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NCAA discussing how it deals with academic fraud

By Sara Ganim CNN | 4/25/2014, 1:50 p.m.
Various file shots of the University of North Carolina campus in Chapel Hill, North Carolina on September 26, 2013. CNN photo.

Gurney and another professor, David Ridpath at Ohio University, just started research that will compare what is known about UNC's academic scandal to other institution's academic scandals and how they were handled by the NCAA.

Gurney said he suspects this may be the NCAA's way of getting around taking a second look at what happened at UNC.

"From what I see at the moment, I feel strongly it is the worst academic fraud violation in the history of the NCAA," Gurney said. "... They choose to ignore it. They are juggling so many balls right now, with respect to lawsuits, unionization issues, they really can't afford right at this moment to open up a major investigation on North Carolina. It would further jeopardize public confidence in the NCAA's ability to control athletics."

He frames it with "from what I see at the moment," because the full breadth of what happened at UNC is still trickling out, two years after it was first reported by the News & Observer of Raleigh.

UNC has long insisted that the paper classes were solely the idea of one man -- now-indicted professor Julius Nyang'oro, who was head of the African-American studies department. The school says it has instituted reforms to ensure such academic problems don't recur.

A third look at UNC scandal

This year, shortly after CNN reported the findings of whistleblower Mary Willingham that showed a shocking number of functionally illiterate and ill-prepared student athletes at the prestigious public school, UNC announced it commissioned its third review of the scandal.

This time, former U.S. Justice Department attorney Ken Wainstein is taking a look. Among his questions: Did members of the athletic department know and talk about the paper classes? Previous reports commissioned by UNC said no.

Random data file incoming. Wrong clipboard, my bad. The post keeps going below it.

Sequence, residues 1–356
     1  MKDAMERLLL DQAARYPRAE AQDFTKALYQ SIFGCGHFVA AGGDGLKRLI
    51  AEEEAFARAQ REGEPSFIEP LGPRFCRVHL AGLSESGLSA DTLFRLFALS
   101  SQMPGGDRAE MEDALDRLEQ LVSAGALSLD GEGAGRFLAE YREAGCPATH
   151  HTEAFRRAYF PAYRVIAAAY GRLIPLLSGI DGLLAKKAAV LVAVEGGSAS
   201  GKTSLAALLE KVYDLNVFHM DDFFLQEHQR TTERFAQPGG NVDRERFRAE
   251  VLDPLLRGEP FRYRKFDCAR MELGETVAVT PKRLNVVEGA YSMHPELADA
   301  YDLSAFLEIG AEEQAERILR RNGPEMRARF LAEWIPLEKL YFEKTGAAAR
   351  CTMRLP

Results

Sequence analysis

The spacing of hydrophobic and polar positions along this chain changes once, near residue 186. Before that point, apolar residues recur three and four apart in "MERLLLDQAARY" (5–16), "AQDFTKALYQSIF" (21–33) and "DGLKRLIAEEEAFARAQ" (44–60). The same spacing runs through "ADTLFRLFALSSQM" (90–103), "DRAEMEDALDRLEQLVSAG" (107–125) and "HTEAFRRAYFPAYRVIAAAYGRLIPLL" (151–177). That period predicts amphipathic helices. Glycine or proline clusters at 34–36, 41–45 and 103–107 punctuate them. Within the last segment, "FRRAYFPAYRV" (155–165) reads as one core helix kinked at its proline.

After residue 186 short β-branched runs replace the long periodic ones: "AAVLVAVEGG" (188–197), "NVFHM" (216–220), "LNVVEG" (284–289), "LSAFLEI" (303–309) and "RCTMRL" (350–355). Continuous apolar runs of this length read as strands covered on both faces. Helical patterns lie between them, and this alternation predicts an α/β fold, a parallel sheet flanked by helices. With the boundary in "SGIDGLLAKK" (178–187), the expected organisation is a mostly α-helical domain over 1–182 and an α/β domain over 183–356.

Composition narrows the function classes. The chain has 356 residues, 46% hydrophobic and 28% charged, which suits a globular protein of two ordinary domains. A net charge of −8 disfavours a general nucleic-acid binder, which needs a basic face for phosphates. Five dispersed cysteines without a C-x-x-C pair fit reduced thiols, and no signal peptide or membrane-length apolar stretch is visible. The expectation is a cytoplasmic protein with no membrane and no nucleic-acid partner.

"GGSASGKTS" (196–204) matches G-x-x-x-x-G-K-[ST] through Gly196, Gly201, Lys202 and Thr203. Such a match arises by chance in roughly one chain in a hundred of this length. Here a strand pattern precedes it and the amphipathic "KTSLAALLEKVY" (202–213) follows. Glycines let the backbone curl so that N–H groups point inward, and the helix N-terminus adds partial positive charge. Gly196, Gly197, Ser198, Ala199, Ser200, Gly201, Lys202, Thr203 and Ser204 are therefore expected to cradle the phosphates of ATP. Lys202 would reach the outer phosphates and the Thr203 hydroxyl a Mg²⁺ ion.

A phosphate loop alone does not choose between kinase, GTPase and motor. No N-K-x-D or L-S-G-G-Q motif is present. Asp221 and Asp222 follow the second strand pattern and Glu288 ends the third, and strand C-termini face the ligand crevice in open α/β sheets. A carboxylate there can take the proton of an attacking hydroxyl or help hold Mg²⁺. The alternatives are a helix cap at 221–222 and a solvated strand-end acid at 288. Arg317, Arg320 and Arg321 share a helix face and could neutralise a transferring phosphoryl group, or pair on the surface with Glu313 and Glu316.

Another question: How long was this happening? There is still no clear answer on that, either.

Meanwhile, Willingham says she expects to play a role in the upcoming civil case of former UCLA basketball star Ed O'Bannon vs. the NCAA. O'Bannon is suing to allow student-athletes to be compensated the use of their name and likeness.

Several NCAA critics have told CNN they believe the NCAA refuses to look at the fraud at UNC because it might mean conceding their biggest argument against paying players -- that they athletes are paid in the form of an education.

"The umbilical cord between the student and the athlete is being slowly cut and if it's cut I think that has very serious consequences for the NCAA," said Tom McMillen, former basketball star-turned-congressman and a member of the University of Maryland's Board of Regents. "Athletes are not given an education. They step out of the university and they may have a degree, but they don't have an education and that's the sad thing about it."

McMillen has advised those pushing for reform -- most recently those behind the attempt by Northwestern University football players to unionize -- to go after the NCAA over the way they handle academic fraud. He said during a forum at the Aspen Institute that academic fraud is "the chink in the armor" of the NCAA.